John Kasich Takes $700K From Socialist George Soros

Apparently John Kasich will take money from anyone. After finding his campaign unable to finance ads in Utah, Kasich finally got bankrolled $700,000 to keep going — courtesy of none other than George Soros. According to Kasich, he's just trying to keep Trump below 15 percent in Utah.

"Well, Trump is at 10 percent. He's not at 15 percent; he's at 10 percent," Glenn said Monday on The Glenn Beck Program. "And why, Kasich, are your ads aimed at Cruz?"

That's a very good question. Another is why would George Soros would give money to a Republican presidential candidate. As usual, Soros is using his money to rig a preferred outcome — and that preference is not likely to be stopping Donald Trump.

"If that was what you were trying to do, you would fund Cruz, you wouldn't fund Kasich," Glenn said. "You would fund the guy who actually has a chance of doing it."

Glenn also shared some behind-the-scenes intel on why Kasich is staying in the race.

"No matter what happens, he's not getting out because he thinks that he's Abraham Lincoln," Glenn said.

Enjoy this complimentary clip from The Glenn Beck Program:

Below is a rush transcript of this segment, it might contain errors:

GLENN: George Soros also is giving 700 -- or, gave $700,000 to Kasich's campaign.

PAT: Yeah. And the article -- this appeared in both CNS News and Breitbart and other places over the weekend, even though it's mathematically -- not just mathematically impossible for Kasich to win, he also has to win eight states before he can be considered at the convention, and that's not going to happen either. I mean, he's one for 28 right now. He knows.

GLENN: Kasich knows he's not -- here's the behind the scenes: Talked to several people over the weekend who have spoken to John Kasich. Some of them are his friends. And I've said, "What are you doing? What is happening? You're a friend with John Kasich. Have you talked to him?"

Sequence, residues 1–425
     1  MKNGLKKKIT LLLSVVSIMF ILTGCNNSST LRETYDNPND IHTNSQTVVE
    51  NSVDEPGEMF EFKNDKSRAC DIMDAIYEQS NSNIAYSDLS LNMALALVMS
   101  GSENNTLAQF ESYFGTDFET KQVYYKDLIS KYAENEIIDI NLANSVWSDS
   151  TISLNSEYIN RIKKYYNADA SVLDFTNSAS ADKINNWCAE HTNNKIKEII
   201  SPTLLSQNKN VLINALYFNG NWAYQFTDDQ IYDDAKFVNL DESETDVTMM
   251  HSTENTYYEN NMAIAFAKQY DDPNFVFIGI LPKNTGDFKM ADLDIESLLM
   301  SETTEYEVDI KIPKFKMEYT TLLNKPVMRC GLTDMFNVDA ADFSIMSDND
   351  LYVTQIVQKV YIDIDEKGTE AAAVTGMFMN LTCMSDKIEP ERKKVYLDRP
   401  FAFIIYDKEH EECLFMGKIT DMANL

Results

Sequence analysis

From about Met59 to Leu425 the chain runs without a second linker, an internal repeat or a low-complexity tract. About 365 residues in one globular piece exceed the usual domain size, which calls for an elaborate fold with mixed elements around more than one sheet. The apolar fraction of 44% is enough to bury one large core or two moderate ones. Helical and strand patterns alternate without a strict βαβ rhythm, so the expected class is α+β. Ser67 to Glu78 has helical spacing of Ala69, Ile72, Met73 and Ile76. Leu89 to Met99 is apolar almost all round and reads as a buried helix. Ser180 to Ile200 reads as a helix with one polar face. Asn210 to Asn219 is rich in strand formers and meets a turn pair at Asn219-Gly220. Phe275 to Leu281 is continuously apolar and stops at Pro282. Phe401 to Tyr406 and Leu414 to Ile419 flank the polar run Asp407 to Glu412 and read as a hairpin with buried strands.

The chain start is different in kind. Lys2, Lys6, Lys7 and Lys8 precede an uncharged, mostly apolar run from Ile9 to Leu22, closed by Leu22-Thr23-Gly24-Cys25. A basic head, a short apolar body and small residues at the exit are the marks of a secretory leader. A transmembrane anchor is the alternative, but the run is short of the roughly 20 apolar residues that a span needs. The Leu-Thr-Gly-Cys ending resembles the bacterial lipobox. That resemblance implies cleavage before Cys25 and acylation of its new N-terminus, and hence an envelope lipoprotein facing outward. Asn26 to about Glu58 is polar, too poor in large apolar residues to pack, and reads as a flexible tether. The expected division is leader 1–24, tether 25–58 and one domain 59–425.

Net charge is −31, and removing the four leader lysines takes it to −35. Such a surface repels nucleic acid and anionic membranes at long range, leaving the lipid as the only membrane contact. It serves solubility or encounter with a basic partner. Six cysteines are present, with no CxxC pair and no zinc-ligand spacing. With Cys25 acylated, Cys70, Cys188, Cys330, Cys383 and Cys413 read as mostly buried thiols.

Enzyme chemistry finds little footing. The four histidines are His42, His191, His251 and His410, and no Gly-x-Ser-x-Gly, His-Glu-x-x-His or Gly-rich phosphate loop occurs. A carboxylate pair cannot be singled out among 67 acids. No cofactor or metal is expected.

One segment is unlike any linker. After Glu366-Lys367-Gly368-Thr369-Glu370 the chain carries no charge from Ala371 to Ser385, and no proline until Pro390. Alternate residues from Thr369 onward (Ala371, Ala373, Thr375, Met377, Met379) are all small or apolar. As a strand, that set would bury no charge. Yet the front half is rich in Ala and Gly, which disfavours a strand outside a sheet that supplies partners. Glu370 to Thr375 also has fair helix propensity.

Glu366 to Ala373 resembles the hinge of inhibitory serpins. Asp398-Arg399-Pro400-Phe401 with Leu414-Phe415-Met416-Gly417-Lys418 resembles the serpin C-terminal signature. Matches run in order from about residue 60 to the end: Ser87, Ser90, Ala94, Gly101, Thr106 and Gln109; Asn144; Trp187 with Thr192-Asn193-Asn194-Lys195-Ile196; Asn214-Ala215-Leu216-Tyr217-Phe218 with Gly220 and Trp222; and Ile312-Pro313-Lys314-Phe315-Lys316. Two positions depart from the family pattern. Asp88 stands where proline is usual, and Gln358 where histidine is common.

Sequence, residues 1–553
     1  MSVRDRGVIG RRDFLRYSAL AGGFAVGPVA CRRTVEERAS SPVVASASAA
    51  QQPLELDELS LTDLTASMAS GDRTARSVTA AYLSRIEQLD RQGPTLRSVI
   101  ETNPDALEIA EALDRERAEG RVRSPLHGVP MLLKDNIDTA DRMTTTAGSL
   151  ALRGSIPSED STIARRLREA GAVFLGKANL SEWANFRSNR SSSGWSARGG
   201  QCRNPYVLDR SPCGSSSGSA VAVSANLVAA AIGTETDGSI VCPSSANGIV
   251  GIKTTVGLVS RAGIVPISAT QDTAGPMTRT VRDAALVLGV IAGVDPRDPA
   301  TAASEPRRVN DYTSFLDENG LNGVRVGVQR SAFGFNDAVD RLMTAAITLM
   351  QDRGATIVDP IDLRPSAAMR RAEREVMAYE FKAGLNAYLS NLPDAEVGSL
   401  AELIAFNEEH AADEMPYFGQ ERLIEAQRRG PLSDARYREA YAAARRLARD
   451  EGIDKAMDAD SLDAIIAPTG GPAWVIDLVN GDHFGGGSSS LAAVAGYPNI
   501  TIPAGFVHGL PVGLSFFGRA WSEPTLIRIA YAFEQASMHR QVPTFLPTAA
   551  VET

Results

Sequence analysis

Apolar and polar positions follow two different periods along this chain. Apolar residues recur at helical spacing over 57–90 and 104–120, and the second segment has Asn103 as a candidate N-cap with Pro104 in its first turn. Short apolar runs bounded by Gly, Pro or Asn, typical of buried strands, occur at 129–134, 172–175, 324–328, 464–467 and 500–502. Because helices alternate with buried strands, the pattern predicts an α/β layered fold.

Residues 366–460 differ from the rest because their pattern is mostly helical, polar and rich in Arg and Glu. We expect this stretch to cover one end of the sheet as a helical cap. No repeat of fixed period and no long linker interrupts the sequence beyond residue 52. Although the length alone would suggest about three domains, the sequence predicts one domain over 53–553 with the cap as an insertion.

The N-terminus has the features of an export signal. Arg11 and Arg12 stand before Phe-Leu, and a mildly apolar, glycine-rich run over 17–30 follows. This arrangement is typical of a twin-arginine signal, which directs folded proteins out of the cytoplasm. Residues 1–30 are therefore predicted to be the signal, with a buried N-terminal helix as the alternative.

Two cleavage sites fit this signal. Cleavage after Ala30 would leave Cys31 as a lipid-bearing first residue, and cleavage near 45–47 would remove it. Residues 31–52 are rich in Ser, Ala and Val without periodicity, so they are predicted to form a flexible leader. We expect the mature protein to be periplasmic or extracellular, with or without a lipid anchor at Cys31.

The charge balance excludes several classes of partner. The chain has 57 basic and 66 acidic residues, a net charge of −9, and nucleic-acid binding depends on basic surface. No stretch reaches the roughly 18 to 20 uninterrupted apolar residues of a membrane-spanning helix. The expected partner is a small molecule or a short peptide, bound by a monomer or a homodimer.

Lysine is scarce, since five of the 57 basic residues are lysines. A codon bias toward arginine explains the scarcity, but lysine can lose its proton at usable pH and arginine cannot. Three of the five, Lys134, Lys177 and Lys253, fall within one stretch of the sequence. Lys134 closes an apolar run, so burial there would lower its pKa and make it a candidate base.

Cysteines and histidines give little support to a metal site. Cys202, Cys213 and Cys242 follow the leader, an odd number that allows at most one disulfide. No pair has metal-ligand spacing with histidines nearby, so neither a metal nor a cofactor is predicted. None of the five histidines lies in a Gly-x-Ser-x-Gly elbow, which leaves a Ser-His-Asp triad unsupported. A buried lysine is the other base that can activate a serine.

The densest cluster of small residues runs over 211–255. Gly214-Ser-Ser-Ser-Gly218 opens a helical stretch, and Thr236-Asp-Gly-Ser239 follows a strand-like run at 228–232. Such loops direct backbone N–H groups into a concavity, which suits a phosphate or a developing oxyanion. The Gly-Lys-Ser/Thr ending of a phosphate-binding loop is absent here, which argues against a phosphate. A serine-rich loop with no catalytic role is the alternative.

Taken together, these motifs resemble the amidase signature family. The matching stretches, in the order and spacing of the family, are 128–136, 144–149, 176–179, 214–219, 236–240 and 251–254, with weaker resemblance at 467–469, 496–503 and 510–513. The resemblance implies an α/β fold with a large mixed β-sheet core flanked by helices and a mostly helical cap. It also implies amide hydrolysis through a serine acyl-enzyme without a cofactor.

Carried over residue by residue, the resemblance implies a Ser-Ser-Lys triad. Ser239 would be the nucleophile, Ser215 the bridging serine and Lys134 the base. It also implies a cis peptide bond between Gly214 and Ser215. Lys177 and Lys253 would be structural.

"Oh, yes, I have. Yes, I have."

"What does he say?"

"He's not getting out. He thinks he's Abraham Lincoln."

PAT: Good golly.

GLENN: Those are his friends.

PAT: I know Abraham Lincoln. You're no Abraham Lincoln.

GLENN: Abraham Lincoln, so he went to the convention, and it was a contested convention, and he won in like the ninth vote. And that's how we have Abraham Lincoln: He won in the ninth vote. John Kasich thinks -- he's not getting out. No matter what happens, he's not getting out because he thinks that he's Abraham Lincoln.

PAT: So just -- it was a simple search of Kasich's campaign donation list, and they found that the Soros fund management is the sixth highest individual donor with $202,700.

GLENN: What does that tell you?

PAT: Seventh largest donor is the Ducane HEP Family Office, with 150. The super PAC side, Kasich's New Day for America received 150,000 from Stanley HEP Druckenmiller, who operates the Ducane family office. All of these, you know, employed by the Soros Fund Management Team.

So he's -- all together, if you add it up, it's $700,000 from Soros people. Soros and his surrogates giving to the Kasich campaign. What is that about?

GLENN: Soros -- so you know, Kasich couldn't run ads in Utah. Suddenly, he finds enough money to run ads in Utah. And he says, "Hey, I'm just trying to keep Trump under 15 percent." Well, Trump is at 10 percent. He's not at 15 percent; he's at 10 percent. And why, Kasich, are your ads aimed at Cruz?

PAT: Yeah, you would think they would be aimed at Trump.

GLENN: He is going after Cruz, and he's being a surrogate for Donald Trump. Now, I don't know how the Soros thing works and what Soros -- what game Soros is playing, other than trying to keep Cruz out.